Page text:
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Karen McNeill: You know, I mean that that's one thing but so often. I've seen families where, you know, you see, generation after generation clearly dealing with

 

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Karen McNeill: You know, mental health issues or Substance Abuse and Alcoholism and it's so much easier for these families to talk about

 

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Karen McNeill: Those who have passed away and they're not threatened by those people, they have empathy for those people. They want to know more, they get that

 

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Karen McNeill: While people make choices. They are also products of their circumstances, small and large. And so they really do begin to see how they can talk about issues that they know are going on in their family today.

 

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Karen McNeill: And that they get to start from kind of a fun yet poignant place. So I'm Emily's great it sort of bridging the past to the to the future, because sometimes I get stuck in the past.

 

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Emily Bouchard: Michael something else, if I may, that I was just thinking about, because this is so timely, um, you know, we're in a really poignant

 

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Emily Bouchard: Part, like this is a huge historical moment we're living through right now. And one of the things that I've gotten to experience and working with Karen and family meetings is

 

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Emily Bouchard: She very delicately and brilliantly will bring up pain points from history as well.

 

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Emily Bouchard: Any families find out that they may have been slave owners in the past. Yeah. Or maybe there was massive deforestation. That happened as a really successful Lumber Company or oil company and

 

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Emily Bouchard: Like huge devastation to the environment and the rising Gen. They don't want to shy away from these conversations they want to bring it forward and they want to look at how

 

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Emily Bouchard: What contributed to the wealth and the family and then how can we make reparations. How can we use our philanthropic means to really make things right and to take these pain points and shift it and that's been an extraordinary opening of conversation and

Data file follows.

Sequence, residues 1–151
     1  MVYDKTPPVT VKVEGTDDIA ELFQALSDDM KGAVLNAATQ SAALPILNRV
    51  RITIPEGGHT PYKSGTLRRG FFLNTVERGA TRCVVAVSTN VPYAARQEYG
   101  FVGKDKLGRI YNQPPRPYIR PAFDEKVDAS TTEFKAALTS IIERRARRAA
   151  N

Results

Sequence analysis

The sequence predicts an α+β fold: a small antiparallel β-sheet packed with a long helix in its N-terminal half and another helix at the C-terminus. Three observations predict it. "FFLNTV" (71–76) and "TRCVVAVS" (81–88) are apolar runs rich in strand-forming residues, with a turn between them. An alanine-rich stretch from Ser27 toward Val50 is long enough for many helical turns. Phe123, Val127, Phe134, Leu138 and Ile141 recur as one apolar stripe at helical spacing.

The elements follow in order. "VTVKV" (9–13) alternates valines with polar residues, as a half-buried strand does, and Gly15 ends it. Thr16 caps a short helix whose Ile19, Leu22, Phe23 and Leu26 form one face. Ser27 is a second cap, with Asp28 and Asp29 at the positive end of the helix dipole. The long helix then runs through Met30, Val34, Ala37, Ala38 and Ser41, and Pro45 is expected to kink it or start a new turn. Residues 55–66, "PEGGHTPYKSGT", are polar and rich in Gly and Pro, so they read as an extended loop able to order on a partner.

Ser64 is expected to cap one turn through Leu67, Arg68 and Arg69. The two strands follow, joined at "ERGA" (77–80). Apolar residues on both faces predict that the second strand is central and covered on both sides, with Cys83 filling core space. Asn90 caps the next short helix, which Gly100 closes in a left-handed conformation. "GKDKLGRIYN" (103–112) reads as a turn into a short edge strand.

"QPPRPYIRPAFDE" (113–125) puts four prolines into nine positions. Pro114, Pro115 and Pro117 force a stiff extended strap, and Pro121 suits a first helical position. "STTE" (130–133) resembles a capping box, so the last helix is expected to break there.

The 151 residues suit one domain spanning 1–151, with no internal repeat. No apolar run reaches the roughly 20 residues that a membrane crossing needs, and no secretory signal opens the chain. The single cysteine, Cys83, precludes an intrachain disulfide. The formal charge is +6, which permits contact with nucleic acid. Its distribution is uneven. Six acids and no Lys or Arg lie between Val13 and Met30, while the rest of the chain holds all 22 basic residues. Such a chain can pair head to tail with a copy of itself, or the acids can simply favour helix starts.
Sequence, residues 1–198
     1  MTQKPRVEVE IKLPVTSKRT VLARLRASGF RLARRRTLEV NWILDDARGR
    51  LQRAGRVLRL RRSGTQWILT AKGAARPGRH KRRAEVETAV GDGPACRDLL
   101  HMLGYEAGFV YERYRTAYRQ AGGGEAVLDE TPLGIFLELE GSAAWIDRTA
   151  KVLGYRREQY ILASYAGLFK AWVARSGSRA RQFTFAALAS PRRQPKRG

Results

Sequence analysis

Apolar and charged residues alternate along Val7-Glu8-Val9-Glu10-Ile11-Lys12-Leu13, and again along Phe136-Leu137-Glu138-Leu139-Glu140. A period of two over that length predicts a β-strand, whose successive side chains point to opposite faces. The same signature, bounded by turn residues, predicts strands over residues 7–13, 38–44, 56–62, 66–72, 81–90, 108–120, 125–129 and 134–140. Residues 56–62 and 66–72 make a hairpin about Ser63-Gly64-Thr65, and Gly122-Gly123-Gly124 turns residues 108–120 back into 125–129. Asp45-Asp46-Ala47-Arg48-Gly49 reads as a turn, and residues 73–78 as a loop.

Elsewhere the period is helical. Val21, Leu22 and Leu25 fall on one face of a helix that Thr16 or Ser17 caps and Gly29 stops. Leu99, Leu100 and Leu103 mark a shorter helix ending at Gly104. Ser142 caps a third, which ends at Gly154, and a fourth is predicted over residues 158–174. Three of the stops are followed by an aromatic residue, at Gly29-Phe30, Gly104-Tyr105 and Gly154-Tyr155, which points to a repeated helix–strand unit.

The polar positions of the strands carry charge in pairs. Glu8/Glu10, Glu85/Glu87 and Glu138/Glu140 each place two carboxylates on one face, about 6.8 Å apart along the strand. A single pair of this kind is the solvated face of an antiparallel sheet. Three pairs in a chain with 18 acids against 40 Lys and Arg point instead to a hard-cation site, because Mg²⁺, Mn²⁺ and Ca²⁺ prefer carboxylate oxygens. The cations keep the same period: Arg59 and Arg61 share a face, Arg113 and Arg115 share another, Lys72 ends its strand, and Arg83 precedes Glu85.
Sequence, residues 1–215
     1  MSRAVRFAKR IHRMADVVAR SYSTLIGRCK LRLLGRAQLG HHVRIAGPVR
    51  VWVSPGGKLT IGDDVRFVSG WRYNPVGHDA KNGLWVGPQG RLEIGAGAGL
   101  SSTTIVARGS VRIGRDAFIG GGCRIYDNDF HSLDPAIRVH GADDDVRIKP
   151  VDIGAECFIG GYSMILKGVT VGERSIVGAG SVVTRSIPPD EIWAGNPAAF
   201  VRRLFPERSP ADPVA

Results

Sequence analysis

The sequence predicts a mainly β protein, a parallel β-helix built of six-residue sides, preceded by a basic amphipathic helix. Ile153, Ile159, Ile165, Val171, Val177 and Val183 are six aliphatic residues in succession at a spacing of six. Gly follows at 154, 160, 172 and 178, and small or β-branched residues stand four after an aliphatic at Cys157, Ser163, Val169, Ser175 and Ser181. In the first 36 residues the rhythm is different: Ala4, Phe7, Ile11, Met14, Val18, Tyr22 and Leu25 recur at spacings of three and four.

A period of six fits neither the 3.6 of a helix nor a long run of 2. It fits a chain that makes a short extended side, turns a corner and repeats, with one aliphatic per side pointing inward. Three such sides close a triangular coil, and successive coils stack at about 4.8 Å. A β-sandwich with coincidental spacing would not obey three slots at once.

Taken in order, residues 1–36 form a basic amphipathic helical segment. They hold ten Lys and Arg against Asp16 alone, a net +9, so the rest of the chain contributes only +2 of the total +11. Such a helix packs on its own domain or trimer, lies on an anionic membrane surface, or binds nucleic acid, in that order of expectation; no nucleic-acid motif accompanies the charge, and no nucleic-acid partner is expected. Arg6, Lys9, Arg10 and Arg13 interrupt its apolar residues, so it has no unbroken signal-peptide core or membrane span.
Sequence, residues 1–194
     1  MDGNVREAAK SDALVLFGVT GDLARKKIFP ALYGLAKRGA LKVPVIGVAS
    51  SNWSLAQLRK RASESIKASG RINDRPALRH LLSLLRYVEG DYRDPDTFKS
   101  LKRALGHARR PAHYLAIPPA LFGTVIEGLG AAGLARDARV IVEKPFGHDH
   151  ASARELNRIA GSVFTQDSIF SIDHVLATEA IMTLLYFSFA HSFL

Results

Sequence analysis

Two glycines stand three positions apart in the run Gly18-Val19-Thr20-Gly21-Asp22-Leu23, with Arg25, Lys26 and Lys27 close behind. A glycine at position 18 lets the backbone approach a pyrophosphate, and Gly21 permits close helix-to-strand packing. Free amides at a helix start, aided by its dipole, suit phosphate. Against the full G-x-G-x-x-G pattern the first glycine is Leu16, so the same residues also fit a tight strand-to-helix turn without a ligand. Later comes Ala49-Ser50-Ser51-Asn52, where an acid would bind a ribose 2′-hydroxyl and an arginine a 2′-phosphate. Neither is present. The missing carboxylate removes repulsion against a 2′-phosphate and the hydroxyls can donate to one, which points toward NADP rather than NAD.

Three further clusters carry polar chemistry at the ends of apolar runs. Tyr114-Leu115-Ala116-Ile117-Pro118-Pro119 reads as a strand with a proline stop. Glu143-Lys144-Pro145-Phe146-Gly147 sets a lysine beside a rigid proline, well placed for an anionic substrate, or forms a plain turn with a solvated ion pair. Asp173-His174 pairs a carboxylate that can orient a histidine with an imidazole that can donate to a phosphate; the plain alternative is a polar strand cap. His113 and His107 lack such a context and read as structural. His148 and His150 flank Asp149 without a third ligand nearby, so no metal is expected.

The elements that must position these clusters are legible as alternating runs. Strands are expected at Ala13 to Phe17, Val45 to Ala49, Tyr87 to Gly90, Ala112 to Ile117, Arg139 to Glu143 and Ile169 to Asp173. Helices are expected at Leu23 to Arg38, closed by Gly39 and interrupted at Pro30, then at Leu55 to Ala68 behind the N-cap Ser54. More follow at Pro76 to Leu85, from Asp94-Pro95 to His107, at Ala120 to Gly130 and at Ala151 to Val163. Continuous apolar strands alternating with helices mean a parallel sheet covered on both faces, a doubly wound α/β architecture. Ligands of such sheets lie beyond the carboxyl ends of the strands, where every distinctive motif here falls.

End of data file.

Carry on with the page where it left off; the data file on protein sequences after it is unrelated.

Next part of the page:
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Emily Bouchard: To notice that it's like we can't change what happened in the past, but boy, can we influence the future.

 

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Karen McNeill: Exactly and

 

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Emily Bouchard: That's that's been profound for me to see what can happen. I don't know if you've seen that Michael, but I'm absolutely

 

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Michael Palumbos: And the a couple of things that have popped into my head as you're talking is one that there was there was a, I don't know if it was in a psychology magazine or but

 

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Michael Palumbos: It was about the the development of a person when they know their history is different from one that doesn't know because all those unanswered questions about where did I come from and who am I

 

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Michael Palumbos: You know they're they're constantly spending energy and time thinking about those things rather than knowing where I came from. And then, you know, whether it was good or bad in history. And there's always both but

 

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Michael Palumbos: I can work on you know making reparations, or I can work on not being that family any longer. And then all the good things, you know, we are who we are. Because of you know somebody else endured through mistakes and you know it's

 

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Michael Palumbos: We, what do they say we learn from history, we hope, not to repeat the same mistakes and we want to grow and build and be better from those things, but without the stories we right

 

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Karen McNeill: That's right.